There’s two sides to building with M.2 – adding M.2 sockets onto your PCBs, and building the PCBs that are M.2 cards. I’ll cover both of these, starting with the former, and knowing how to deal with M.2 sockets might be the only thing you ever need. Apart from what I’ll be describing, there’s some decent guides you can learn bits and pieces from, like the Sparkfun MicroMod design guide, most of which is MicroMod-specific but includes quite a few M.2 tips and tricks too.

First, Let’s Talk About The Y-Key

What could you do with a M.2 socket on your PCB? For a start, many tasty hobbyist-friendly SoMs and CPUs now have a PCIe interface accessible, and if you’re building a development board or a simple breakout, an M.2 socket will let you connect an NVMe SSD for all your high-speed low-power storage needs – many Raspberry Pi Compute Module mainboards have M.2 M-key sockets specifically for that, and there’s NVMe support in the RPi firmware to boot. Plus, you can always plug a full-sized PCIe adapter or an extender into such a socket and connect a PCIe network card or other much-needed device – even perhaps, an external GPU! However, as much as PCIe-equipped SoMs are tasty, they’re far from the only reason to use M.2 sockets.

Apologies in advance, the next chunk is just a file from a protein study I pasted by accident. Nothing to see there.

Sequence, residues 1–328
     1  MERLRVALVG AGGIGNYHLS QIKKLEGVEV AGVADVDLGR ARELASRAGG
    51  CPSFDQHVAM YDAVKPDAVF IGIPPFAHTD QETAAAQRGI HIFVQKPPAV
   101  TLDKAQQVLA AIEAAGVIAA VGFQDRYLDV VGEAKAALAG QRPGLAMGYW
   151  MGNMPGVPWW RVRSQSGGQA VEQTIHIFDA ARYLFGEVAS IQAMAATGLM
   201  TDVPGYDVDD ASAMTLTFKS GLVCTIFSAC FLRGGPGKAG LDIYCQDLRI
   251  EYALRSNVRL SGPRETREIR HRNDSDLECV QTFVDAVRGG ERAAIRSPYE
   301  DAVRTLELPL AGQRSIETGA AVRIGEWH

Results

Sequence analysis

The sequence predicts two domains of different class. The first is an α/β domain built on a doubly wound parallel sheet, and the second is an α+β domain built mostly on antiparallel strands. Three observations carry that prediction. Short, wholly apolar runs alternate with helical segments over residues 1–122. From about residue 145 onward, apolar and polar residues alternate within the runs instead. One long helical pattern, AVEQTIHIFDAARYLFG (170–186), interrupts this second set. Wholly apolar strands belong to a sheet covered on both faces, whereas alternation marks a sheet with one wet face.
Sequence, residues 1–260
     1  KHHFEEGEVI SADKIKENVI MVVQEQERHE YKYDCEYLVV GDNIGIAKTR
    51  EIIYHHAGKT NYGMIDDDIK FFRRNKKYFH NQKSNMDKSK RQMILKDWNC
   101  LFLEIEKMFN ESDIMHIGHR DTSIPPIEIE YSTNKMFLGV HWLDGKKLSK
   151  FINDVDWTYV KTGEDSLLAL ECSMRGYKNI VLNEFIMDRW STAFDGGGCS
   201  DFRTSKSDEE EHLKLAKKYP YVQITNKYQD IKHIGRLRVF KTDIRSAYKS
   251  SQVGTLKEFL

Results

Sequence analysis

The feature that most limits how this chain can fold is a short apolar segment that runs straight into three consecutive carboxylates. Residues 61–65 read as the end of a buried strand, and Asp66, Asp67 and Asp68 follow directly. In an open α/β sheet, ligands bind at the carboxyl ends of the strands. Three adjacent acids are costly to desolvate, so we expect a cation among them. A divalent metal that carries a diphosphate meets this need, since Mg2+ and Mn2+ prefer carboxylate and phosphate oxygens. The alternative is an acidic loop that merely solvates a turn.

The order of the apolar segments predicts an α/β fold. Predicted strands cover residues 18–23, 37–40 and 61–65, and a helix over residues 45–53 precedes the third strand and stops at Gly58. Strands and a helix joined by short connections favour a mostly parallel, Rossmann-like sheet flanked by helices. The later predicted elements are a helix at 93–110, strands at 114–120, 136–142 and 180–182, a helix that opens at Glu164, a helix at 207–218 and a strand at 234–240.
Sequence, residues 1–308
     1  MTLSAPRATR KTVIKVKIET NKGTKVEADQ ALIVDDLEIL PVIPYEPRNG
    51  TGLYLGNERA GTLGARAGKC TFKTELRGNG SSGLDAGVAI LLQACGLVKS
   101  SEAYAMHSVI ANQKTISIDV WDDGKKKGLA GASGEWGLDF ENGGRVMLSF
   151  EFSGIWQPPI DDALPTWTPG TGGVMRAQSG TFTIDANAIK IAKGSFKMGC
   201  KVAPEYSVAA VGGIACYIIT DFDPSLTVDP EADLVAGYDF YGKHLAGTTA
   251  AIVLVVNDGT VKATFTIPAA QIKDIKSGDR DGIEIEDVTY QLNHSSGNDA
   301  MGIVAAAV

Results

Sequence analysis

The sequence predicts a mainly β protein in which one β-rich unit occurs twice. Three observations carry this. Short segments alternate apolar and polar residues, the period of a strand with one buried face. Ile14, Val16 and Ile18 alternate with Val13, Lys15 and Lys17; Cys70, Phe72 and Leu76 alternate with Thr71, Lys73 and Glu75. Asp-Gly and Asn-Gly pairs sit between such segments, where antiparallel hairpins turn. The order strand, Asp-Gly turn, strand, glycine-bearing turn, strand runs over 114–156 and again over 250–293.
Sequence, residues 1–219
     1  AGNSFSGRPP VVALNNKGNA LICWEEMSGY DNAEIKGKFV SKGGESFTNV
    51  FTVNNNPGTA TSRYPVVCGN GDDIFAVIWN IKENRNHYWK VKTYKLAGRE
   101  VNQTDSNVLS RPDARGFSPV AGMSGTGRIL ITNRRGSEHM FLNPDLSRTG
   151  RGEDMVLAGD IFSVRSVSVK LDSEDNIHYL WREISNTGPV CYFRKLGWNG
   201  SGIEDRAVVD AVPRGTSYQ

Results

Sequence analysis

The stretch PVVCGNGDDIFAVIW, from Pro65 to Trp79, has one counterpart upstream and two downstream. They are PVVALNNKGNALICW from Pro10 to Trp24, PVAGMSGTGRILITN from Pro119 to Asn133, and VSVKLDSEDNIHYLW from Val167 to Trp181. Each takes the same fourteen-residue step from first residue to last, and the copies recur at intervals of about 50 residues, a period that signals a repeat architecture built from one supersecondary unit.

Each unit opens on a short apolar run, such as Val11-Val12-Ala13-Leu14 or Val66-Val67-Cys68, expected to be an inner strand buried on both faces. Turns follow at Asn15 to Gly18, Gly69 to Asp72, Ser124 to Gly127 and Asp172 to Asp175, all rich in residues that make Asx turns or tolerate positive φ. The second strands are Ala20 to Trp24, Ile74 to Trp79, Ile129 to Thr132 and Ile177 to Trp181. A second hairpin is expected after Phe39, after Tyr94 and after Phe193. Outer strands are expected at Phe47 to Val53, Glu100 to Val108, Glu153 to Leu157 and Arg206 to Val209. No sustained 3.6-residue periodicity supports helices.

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Infrastructure diagram of [Stefan]'s network at the end of his fiber optics journey

Say No To Obsolescence, Wire Up Your House With Fiber

These days, if you wire your house with anything less than gigabit, you might end up throttling your Internet connection. If you wired things up using two pairs per device back in 100BASE-T days, however, you’ll want to redo your cabling before you buy new switches. Now, some of us are already starting to equip ourselves with 2.5G hardware — which may require new cabling once again. Would you like to opt out of the Ethernet cabling upgrade rat race, at least for a while? Do like [Stefan Schüller] did, and use fiber optics for your home networking needs!